• You have a 31% chance of getting a ticket within 10 minutes of an expired meter.
  • The odds go up significantly after the 10 minute mark.
  • You will receive a ticket more often for not moving your car during alternate side of the street parking then any other violation. (Think of it this way, if the DOT hired you to catch fish (i.e. parking violators), and you knew that in a specific cove (i.e. block), of a specific lake (i.e. neighborhood), at 11:01 AM every Tuesday, you could catch no less than 11 lunkers, wouldn’t you fish there every Tuesday at 11:01 AM and take the rest of the day off?)
  • 23% of people will actually claim to observe the ticket being written and placed on their windshield.
  • 43% of the 23% mentioned above will claim to have told off the ticket writer.

Point is, relax, drive safely, drive slowly, and park legally.

Parking tip #1: Save your quarters.

Nough said.

Parking tip #2: Employ the Double Time rule.

Sub-tip 1: Fill the meter for twice the amount of time you expect to be there. It’s a lot cheaper then the ticket. (25 cents per one-half hour as of this writing.)

Sub-tip 2: Always double the estimated time it takes to get to your car. Car parked 5 minutes away? Give yourself 10.

Parking Commandment: Thou Shalt Not Forget…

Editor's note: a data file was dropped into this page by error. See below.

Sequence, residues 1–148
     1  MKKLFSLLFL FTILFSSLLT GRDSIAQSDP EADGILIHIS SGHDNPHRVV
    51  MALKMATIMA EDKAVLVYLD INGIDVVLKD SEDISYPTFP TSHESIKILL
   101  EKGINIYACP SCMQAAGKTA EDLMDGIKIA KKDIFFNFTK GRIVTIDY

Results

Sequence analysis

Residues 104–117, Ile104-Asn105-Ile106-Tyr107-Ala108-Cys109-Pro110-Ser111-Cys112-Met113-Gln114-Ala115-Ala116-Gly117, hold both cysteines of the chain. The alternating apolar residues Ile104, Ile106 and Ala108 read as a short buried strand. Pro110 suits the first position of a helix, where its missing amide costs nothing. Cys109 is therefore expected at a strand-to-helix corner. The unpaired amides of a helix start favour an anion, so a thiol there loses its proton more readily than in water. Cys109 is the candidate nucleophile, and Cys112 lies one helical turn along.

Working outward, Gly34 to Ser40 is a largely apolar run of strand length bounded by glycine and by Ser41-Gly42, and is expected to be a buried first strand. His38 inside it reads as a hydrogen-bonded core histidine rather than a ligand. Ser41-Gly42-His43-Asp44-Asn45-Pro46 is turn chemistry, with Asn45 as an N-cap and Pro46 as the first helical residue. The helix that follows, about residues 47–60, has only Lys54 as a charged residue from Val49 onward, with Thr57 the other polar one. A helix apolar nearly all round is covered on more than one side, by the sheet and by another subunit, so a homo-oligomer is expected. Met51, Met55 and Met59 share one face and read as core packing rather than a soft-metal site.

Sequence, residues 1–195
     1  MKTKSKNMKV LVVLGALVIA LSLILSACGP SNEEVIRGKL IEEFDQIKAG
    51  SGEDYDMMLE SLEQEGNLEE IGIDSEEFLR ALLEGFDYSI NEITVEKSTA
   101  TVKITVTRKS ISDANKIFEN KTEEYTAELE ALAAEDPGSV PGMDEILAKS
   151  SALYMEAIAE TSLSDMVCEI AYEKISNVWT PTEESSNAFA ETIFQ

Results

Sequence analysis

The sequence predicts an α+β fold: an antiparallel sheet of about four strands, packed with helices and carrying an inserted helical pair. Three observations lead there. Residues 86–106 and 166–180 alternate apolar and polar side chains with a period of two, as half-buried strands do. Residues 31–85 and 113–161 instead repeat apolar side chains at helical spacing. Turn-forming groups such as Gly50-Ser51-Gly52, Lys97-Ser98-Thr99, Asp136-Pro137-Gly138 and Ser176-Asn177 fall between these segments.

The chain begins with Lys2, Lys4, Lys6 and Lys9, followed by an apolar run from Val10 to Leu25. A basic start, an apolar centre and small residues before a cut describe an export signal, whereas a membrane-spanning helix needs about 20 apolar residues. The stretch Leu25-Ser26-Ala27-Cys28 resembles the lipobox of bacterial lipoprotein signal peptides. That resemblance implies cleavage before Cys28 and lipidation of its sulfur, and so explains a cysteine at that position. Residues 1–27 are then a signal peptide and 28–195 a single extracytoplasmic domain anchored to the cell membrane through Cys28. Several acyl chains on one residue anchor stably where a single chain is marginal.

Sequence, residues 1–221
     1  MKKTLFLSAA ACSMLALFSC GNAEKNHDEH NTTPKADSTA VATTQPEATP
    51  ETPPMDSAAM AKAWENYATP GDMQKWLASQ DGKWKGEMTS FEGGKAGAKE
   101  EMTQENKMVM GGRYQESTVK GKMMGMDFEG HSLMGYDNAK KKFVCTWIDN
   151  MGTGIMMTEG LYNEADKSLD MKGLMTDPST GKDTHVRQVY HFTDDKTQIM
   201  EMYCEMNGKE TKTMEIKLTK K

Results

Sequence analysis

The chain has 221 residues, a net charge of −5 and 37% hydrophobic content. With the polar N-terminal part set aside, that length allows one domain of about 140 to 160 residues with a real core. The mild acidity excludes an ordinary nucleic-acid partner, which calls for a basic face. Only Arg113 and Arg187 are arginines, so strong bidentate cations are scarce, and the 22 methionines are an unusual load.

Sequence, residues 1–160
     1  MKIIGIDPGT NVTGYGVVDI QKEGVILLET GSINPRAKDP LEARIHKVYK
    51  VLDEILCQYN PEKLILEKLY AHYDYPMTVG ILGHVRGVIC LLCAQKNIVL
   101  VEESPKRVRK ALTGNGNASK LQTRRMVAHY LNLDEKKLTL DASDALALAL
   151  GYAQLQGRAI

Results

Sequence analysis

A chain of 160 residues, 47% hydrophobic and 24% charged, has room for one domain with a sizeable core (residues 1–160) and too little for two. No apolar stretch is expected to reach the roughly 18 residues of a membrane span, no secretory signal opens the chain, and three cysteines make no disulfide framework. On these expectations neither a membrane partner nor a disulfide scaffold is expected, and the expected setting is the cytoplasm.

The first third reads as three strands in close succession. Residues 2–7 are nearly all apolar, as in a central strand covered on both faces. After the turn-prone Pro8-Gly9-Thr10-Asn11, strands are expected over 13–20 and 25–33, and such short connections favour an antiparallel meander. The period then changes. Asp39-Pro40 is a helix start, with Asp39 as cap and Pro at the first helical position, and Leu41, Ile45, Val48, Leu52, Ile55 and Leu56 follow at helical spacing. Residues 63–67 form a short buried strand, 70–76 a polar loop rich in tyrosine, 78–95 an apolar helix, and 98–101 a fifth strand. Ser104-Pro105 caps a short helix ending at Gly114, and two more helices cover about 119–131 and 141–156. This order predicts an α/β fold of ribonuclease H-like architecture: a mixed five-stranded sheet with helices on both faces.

Again, from empirically gathered data, I know that the number one cause of expired meter and alternate side of the street parking tickets is a lost track of time. Solution: set an alarm. If you’re high-tech, set a reminder in your Palm or Blackberry. Want to go low-tech,? Get an egg timer. And, just as importantly, don’t wait to set it or put it off because…you’ll forget! Don’t make, or return, or answer a phone call. Don’t run into the office to get out of the rain. Don’t reach into your ashtray for a quarter. Don’t do any of these things before you set the alarm – because if you do, (remember empirical data) you won’t set it. Always set the alarm first and then do the other things.

There’s more I could write (including how to fight your tickets online), but this is already a long post. Please forward your own parking tips my way. I still need all the help I can get. Thanks for reading, Jim.

Pre-Qualify Yourself

By far the most effective strategy for moving a sale from accepted offer to contract is to be prepared – a.k.a do your homework, a.k.a have all your ducks in a row – or as we are calling it here: pre-qualify yourself.

What does it take? Being pre-qualified means that you have an understanding of your financial affairs, your papers are organized in such a way that you could sign a contract within a week (if you had to), and you have identified your real estate team. Specifically,